Zinc does not speed up recovery from pneumonia in children
Administering zinc as an adjunct treatment does not appear to benefit children with pneumonia, according to the results of a meta-analysis.
Researchers searched multiple online databases for studies evaluating the effect of zinc vs placebo when given as an adjunctive treatment to standard pneumonia therapy, including antibiotics, in children aged 2–60 months in low-to-middle income countries.
The meta-analysis included seven studies conducted in South Asia, three in Africa, and one in South America. Total population comprised 6,497 children, with sample sizes varying between 95 and 2,628 patients. Except for one study, all enrolled only children with severe pneumonia. Children aged >12 months had been given zinc dosage of 20 mg per day, while those who were younger had received 10 or 20 mg daily dose.
Pooled data showed that proportional treatment failure was similar in the zinc and placebo groups in the overall population (odds ratio [OR], 0.95, 95 percent confidence interval [CI], 0.80–1.14) and in the subgroup of children with severe pneumonia (OR, 0.93, 95 percent CI, 0.75–1.14).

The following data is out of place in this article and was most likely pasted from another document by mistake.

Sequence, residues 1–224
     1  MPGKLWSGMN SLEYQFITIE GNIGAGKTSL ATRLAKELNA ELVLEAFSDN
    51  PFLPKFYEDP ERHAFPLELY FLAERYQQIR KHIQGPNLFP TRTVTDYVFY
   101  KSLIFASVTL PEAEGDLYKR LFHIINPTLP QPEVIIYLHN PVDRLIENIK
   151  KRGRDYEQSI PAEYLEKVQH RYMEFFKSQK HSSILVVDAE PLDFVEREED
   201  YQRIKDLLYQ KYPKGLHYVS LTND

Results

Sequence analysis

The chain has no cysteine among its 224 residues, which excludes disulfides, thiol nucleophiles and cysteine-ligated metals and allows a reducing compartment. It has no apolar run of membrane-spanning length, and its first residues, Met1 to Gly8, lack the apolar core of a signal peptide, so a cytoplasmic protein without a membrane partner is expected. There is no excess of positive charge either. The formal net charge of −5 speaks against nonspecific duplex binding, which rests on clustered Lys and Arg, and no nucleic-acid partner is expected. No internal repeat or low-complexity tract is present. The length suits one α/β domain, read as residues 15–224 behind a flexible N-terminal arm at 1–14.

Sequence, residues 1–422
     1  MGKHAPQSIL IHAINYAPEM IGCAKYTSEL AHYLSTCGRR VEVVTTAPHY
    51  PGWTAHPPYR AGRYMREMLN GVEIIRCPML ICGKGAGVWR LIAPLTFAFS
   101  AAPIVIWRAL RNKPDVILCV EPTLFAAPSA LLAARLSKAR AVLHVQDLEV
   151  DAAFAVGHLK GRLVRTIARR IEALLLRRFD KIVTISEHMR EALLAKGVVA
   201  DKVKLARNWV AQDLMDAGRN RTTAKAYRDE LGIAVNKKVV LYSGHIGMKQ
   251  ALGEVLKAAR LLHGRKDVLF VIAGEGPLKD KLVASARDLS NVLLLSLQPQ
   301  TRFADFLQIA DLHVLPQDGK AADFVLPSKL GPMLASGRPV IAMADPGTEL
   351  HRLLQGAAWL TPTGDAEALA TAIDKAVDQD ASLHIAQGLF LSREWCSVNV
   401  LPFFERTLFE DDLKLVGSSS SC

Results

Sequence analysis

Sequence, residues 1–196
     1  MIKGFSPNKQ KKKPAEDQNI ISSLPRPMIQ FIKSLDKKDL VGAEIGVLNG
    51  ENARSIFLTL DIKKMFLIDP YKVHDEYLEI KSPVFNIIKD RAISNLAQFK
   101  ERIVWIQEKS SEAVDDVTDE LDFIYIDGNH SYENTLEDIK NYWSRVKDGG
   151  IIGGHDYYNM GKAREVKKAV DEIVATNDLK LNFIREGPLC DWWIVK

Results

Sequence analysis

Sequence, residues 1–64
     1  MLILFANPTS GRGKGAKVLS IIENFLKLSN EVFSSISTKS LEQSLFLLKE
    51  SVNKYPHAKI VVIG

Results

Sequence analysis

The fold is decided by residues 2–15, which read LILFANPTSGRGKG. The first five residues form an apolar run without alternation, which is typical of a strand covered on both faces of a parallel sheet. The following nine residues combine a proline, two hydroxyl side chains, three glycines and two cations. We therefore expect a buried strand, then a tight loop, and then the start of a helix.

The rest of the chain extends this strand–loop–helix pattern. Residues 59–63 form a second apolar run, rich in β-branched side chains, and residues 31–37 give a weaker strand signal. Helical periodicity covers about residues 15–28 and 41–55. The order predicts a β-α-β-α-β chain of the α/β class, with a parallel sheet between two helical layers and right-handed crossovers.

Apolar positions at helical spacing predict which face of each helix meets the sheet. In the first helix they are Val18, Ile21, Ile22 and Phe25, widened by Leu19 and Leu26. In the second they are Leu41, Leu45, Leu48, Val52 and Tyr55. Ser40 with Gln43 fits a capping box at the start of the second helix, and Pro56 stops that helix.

Furthermore, there were no significant between-treatment differences observed in mortality (OR, 0.64, 95 percent CI, 0.31–1.31) and time to recovery from severe pneumonia (hazard ratio, 1.01, 95 percent CI, 0.89–1.14).
Exclusion of four studies with high risk of bias did not alter the results.
While zinc has many hypothetically attractive properties that may alter host response to respiratory pathogens including the regulation of pro-inflammatory cytokines, lymphocyte proliferation, and T lymphocyte function, findings of the present study suggest that its oral supplementation is not beneficial when used adjunctively in the acute phase of paediatric pneumonia, the researchers said.